Comprehensive re-excision guidelines are needed for women undergoing breast-conserving surgery, Uttara Nag, MD, surgical resident at Duke University Medical Center, and E. Shelley Hwang, MD, MPH, professor of surgery at Duke University School of Medicine, wrote in an accompanying editorial.

“Establishing a rational, evidence-based approach to re-excision … has the potential to provide substantial national cost savings by eliminating re-excisions for close but negative margins,” Nag and Hwang wrote. “As these guidelines for margin status are widely adopted, identification of persistent outliers to these guidelines and assessment of the effect of this practice change on surgical outcomes and value of care for early-stage breast cancer should remain important goals.” – by Cameron Kelsall

Disclosure: Sedrakyan reports funding from the FDA to establish the MDEpiNet Science and Infrastructure Center. One study researcher reports employment with the MDEpiNet Science and Infrastructure Center. The other researchers, Nag and Hwang report no relevant financial disclosures.

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PERSPECTIVE
Anees B. Chagpar, MD, MPH, FACS

Anees B. Chagpar, MD, MPH, FACS

These data confirm what we already know: Roughly 30% of patients require reoperation after a partial mastectomy. When we look at this in an objective way, surgeons may be surprised by that number, but it has been consistently found in a number of other studies.

The primary question is, how do we reduce reoperation rates without compromising patient outcomes?

My colleagues and I published the results of a randomized, controlled trial of cavity-shaved margins last year in The New England Journal of Medicine. This is a very simple technique that involves taking a little bit more tissue around the cavity during breast-conserving surgery. We found that this reduced our re-excision rate at Yale by half, from 20% to 10%.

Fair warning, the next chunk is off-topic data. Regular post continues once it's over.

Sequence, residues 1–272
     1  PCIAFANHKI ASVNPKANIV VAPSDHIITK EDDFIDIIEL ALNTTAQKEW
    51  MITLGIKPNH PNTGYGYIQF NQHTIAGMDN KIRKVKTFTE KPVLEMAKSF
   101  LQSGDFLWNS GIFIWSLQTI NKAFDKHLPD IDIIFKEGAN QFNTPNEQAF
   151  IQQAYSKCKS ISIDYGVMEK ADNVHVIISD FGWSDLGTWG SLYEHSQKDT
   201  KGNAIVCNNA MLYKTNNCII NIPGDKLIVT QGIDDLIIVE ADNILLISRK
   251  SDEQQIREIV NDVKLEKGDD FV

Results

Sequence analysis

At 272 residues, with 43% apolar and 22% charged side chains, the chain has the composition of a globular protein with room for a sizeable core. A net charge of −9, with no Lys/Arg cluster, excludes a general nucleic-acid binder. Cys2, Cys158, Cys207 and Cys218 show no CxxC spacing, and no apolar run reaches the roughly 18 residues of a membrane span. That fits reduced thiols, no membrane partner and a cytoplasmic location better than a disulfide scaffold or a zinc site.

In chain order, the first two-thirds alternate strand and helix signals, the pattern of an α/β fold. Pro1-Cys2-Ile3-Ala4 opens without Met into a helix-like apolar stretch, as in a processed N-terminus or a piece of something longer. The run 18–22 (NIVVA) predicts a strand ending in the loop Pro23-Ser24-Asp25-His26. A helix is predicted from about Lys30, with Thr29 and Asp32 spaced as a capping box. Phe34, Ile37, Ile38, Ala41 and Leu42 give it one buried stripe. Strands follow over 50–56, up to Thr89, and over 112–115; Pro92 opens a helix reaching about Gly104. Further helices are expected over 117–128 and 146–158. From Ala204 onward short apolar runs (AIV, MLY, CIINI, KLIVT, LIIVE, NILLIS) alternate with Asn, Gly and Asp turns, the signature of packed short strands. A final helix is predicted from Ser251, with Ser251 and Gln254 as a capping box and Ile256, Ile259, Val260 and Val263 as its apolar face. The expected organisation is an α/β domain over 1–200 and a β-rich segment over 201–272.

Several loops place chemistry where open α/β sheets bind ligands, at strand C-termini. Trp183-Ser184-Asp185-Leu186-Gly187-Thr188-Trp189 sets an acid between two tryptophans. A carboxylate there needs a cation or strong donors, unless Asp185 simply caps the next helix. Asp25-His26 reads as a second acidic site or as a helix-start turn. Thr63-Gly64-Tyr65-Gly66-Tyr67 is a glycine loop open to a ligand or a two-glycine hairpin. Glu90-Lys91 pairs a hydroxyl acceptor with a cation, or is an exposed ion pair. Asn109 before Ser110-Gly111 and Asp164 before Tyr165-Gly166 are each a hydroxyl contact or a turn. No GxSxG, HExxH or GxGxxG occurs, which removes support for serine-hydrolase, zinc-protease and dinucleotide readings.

Surgeons around the country are looking for ways to reduce re-excision rates. The best way to do that is to do a better surgery the first time around.

Reference: Chagpar AB, et al. N Engl J Med. 2015;doi:10.1056/NEJMoa1504473.


Anees B. Chagpar, MD, MPH, FACS
Yale School of Medicine

Disclosure: Chagpar reports no relevant financial disclosures.


PERSPECTIVE

This study by Isaacs and colleagues evaluated over 89,000 women undergoing breast-conserving surgery (BCS) to evaluate the rate of reoperations within 90 days of the initial BCS procedure. This study demonstrates one of the main limitations BCS — the potential need for re-excision to achieve negative margins that helps avoid local recurrence.

The researchers, like others before, note that about 25% of women who undergo BCS will require a second surgery to re-excise positive margin(s); however, these rates are steadily decreasing. These rates are owed in part to better patient selection, more experience with BCS, and as a result of the consensus provided by the Society of Surgical Oncology and the American Society for Radiation Oncology that provides a definition of adequate margins as “no tumor on ink” — meaning a negative margin requires no additional surgery.

The researchers also note better outcomes with higher-volume surgeons. It is not surprising that the researchers found up to a 50% higher rate of re-excision for low-volume surgeons; however, other studies showed no significant difference.

We have seen, as this study recognizes, an increase in the number of younger women who desire mastectomy over BCS. Some of the reasons for this are increased genetic testing and more access to reconstruction. As the researchers recognize, one of the major limitations of this study is that it does not account for patient satisfaction or cancer recurrence, which plays a tremendously important role in the surgeon–patient discussions and recommended therapy.

BCS is a safe, proven treatment for many women with breast cancer. This study reinforces that there needs to be a clear discussion between the surgeon and patient regarding the expectations and possible need for re-excision(s). The decision to proceed with breast conservation compared with mastectomy is a personal choice, and an informed discussion between the surgeon and patient should take place to discuss the advantages and potential limitations of each therapy. 


Salvatore M. Nardello, DO
Fox Chase Cancer Center

Disclosure: Nardello reports no relevant financial disclosures.